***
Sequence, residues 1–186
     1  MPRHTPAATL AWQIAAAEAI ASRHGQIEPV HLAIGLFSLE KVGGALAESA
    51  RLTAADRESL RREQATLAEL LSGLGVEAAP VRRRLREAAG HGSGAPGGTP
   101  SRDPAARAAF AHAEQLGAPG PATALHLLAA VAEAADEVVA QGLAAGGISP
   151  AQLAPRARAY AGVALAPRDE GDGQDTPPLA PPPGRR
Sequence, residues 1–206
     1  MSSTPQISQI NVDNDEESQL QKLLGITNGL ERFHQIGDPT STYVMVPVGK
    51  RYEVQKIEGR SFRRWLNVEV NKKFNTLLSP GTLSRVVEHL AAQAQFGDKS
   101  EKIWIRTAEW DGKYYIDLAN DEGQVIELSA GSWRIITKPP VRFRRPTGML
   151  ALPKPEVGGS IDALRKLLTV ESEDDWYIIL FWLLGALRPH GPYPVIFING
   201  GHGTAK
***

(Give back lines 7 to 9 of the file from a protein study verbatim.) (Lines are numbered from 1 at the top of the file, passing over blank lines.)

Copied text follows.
     1  MSSTPQISQI NVDNDEESQL QKLLGITNGL ERFHQIGDPT STYVMVPVGK
    51  RYEVQKIEGR SFRRWLNVEV NKKFNTLLSP GTLSRVVEHL AAQAQFGDKS
   101  EKIWIRTAEW DGKYYIDLAN DEGQVIELSA GSWRIITKPP VRFRRPTGML